New prophylactic and therapeutic avenues to fight against rabies

New prophylactic and therapeutic avenues to fight against rabies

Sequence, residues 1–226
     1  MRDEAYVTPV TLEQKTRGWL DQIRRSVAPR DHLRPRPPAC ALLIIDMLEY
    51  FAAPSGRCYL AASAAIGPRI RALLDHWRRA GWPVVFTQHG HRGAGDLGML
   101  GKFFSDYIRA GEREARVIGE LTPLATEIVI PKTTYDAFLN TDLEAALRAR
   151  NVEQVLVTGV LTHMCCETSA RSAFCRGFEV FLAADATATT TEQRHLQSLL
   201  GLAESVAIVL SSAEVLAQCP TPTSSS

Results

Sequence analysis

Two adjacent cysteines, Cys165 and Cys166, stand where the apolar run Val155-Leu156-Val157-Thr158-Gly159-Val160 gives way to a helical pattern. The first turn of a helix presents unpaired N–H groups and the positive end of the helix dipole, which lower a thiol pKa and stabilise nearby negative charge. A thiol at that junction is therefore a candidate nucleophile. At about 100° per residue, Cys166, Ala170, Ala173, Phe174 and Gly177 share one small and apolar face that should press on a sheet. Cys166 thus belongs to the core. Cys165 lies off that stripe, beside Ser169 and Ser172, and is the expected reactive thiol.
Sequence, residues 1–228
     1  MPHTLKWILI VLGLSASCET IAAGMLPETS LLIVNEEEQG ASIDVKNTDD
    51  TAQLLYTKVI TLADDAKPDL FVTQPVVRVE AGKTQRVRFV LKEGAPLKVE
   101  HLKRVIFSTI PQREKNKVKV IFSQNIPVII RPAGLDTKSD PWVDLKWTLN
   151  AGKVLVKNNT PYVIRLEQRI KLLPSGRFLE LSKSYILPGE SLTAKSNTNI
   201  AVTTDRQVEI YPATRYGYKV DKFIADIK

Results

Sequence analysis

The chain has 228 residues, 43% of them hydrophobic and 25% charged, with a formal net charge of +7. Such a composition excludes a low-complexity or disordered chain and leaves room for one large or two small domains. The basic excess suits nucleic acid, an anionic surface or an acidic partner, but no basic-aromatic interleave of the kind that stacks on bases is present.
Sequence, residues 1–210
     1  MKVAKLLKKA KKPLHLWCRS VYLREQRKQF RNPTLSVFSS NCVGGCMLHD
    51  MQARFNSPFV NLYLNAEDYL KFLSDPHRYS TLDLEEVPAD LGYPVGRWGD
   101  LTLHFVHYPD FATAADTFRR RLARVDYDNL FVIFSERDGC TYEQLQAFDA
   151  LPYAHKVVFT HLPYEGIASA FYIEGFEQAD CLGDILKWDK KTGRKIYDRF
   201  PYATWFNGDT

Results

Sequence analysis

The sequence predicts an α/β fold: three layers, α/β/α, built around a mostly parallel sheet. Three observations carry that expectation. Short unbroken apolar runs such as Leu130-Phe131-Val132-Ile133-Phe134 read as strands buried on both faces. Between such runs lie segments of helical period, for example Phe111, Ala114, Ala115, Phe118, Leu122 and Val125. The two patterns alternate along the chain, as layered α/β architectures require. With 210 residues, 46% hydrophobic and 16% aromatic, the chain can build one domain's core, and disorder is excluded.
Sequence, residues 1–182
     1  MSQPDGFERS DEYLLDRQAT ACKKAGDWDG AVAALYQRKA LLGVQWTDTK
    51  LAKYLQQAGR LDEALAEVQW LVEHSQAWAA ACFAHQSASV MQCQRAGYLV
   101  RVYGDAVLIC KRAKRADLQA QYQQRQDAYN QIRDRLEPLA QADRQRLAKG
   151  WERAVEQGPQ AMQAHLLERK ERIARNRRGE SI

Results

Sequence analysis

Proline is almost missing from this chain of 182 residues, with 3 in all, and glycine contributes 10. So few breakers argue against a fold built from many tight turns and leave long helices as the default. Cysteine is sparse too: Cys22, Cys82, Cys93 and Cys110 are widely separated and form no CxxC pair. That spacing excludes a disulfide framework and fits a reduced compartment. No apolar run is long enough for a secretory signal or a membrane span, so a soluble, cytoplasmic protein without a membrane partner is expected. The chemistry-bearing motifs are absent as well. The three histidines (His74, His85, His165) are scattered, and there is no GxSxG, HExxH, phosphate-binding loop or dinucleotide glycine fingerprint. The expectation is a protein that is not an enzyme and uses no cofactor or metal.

Rabies is still responsible for approximately 60,000 human deaths per year mostly in Asia and Africa and affects especially underserved people. Yet, since the first vaccine developed by Louis Pasteur more than 130 years ago, prophylactic measures have significantly improved. They are now composed of the vaccine allied to purified human or equine rabies immunoglobulins. However, these immunoglobulins are expensive and not easy to reach in developing settings. Researchers from the Structural Virology Unit at the Institut Pasteur, in collaboration with the Virus and Immunity Unit and the Lyssavirus Epidemiology and Neuropathology Unit, have visualized one of the most potent and most broadly neutralizing human monoclonal antibody in interaction with the rabies glycoprotein. This finding makes it possible to propose new avenues, both prophylactic and therapeutic, in the fight against rabies. Rabies is a lethal encephalitis due to a lyssavirus mainly transmitted to humans by the bite or scratches of terrestrial carnivores (principally domestic dogs). The onset of clinical symptoms and death can be 100% prevented by adequate post-exposure prophylaxis (PEP) including vaccines and passive immunization using rabies immunoglobulins (read our disease sheet). Today, 15 to 29 million of patients exposed to rabies received the PEP each year whose terms have been updated by WHO in 2018 as a result of Institut Pasteur expertise. If prevention measures therefore exist today to fight rabies, supply and demand are incoherent in developing countries. The proposed treatments are not produced or not available on site." Félix Rey, head of the Structural Virology Unit at the Institut Pasteur The RVC20 monoclonal antibody: a key-tool to understand the rabies virus The rabies virus has only one glycoprotein (called G) exposed at its surface. This protein is responsible for the entry of the virus into the human cell and is therefore the only target of neutralising antibodies. In spite of its medical relevance, no structural data are available for the rabies virus surface glycoprotein. Related Stories



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